Because he doesn’t have as dramatic a backstory as Bob, (that we know of) he doesn’t get mentioned as much. He is still a pretty great cat to have a round. To prove it, here he is rolling in a bag of bras like they’re catnip.
|photo by Kara Hartz 2016|
I haven’t written about Bob in awhile. He is trucking along just fine. We adopted Bob in October of 1998, and at the time his doctor thought he was about a year old, which would give him a birthday in 1997. I think it is probably more likely he was a spring kitten, and closer to only 7 or 8 month old when we adopted him since he did grow a little after we got him. Still that would make him ‘only’ 18 years old instead of 19 right now. He’s an old dude – no getting around that.
His bathroom habits have deteriorated over the past year or so, and I am now manually helping him empty his bladder 1 to 2 times a day. I’d noticed him going from one litter box to another but not producing much, and seeming restless. At first he didn’t appreciate my help, but now he will go to my bathroom (I use the toilet when I empty him instead of a cat box) and meow at me. I take that as his request to be emptied.
A couple months ago I thought we might be near the end because he was eating very poorly and getting thinner and thinner. Then suddenly, he was eating great for about a week and just as my hopes were up, he stopped eating again. Belatedly, I put it together that the week he ate well, I had run out of his regular food and was feeding Fancy Feast, or whatever was on sale at the grocery store. As an experiment, I picked up some Fancy Feast, and sure enough, he are every bite. Since this revelation, he has been slowly putting weight back on and isn’t looking so frail.
There no stopping the Bob.
While I’ve only had my ileostomy for about six weeks now, so am far from being an expert, it really hasn’t been as bad as I imagined. Originally, the ostomy was presented to me as a worst-case scenario if my surgery went poorly. So when surgical complications piled up and I did need the ileostomy after all, that’s how I saw it. Worst-case. Clearly, there could have been many worse surgical outcomes than this. My intestines could have been beyond saving at all and I may have needed a permanent ostomy. I could have died. That would be worse. All in all, having this bag isn’t all that bad.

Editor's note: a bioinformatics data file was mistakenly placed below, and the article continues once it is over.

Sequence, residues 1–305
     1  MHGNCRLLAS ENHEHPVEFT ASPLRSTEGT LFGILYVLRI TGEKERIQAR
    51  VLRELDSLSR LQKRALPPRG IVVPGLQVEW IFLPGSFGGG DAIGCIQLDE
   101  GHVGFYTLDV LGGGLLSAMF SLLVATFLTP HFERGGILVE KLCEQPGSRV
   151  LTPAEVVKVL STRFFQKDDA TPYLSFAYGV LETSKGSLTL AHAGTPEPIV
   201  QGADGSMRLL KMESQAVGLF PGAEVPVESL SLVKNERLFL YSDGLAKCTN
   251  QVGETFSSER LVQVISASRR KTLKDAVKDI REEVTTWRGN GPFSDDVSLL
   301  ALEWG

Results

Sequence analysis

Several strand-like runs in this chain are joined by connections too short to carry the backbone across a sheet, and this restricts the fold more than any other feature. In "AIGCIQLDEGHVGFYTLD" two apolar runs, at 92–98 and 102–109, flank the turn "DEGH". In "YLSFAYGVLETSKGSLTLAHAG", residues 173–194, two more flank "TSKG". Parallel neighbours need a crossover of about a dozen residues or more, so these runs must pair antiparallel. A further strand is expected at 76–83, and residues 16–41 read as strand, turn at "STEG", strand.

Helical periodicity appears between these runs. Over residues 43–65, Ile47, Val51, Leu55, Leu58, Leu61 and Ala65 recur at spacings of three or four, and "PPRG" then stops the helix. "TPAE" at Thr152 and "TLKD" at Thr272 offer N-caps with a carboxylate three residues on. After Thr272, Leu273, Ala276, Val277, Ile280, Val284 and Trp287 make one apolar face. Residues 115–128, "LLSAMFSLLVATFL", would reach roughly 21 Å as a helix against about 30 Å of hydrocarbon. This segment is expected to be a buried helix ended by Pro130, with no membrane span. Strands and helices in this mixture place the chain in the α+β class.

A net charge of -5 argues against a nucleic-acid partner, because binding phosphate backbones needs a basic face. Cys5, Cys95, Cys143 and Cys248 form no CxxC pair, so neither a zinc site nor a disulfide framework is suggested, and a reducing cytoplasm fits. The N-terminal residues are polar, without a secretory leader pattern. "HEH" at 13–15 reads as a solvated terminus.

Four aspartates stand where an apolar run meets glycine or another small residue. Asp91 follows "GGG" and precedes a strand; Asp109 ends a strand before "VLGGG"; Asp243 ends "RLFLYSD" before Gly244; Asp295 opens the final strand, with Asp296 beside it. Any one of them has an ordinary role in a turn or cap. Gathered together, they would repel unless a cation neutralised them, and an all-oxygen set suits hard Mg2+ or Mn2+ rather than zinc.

Admittedly, the first week home was rough. I was changing the bag just like I was taught in the hospital, but I was getting leaks in the middle of the night. So while moving around was still painful and difficult I’d be up but groggy in the middle of the night trying to put on a new bag and cleaning up all the poop that I leaked out in the bed and the floor on the way to the bathroom. I’ll be honest – there were many tears.
In retrospect I should have called the ostomy nurse when I started having problems, but I had a recheck appointment scheduled later in the week, so I just suffered until then. My advice if you are a new ostomate – don’t just suffer. These nurses who specialize in ostomy care are great. They have solutions. Go get their help.
After my surgical recheck I explained my leaking problems and they got me in to see an ostomy nurse right then. She didn’t have enough of a schedule opening to do a lot of teaching with me, but she looked at my bag (the seal of which was just on the border of leaking right then despite it being a new bag I’d put on the night before) so she could see my problem clearly. She got me a different kind of bag the had a more rigid and curved area where it attaches. I apologize that I don’t have all the terminology and lingo down yet. It might be what I’ve seen referred to as a convex bag? She also wiped on some sort of sticky skin protecting liquid and added an additional sort of jelly barrier ring and sent me home with supplies to do the same. I haven’t had a leak since. Even though it’s been more than four weeks leak-free, I still have some paranoia about it and still sleep on a towel – just in case.
A week later, I got even more refined help with my scheduled ostomy checkup – including a support belt/corset thing that holds the bag tight against me and makes longer walks much more comfortable. Walks have helped me start to regain my strength so this has been wonderful. And I wouldn’t have known about any of these options without those great nurses.
While I certainly won’t miss my ileostomy bag after I have my reversal surgery, after that rough first week home, it hasn’t been bad. Some things have been interesting – seeing how my innards work in a new way.
Somewhat off topic – I have thought to myself, as all these crazy bathroom laws show up around the country, how happy I am to live in California. Sometimes, if a toilet isn’t very big, I have difficulty emptying the bag sitting down and I have to stand up. I wonder what would happen to me if someone saw my feet under a stall pointed the wrong way as I emptied my bag (it’s mainly liquid and sounds that way). There are so many reasons not to judge or make assumptions about others.
The news yesterday about Ringling Bros. phasing out the use of elephants in their shows has made me very happy. There may be animals that can enjoy the traveling show lifestyle, but I think over the years it has become clear that elephants are not one of those. I hope this is a move toward other similar shows rejecting elephant performers as well. Then maybe we can hope they will give the same respect to the big cats and other animals who are mentally and physically damaged in these shows.
A gal can hope, right?
I’ve not yet found so far in my reading thought, what they plan to do with all the elephants they have. Elephants love a long time. If anyone knows, fill me in please!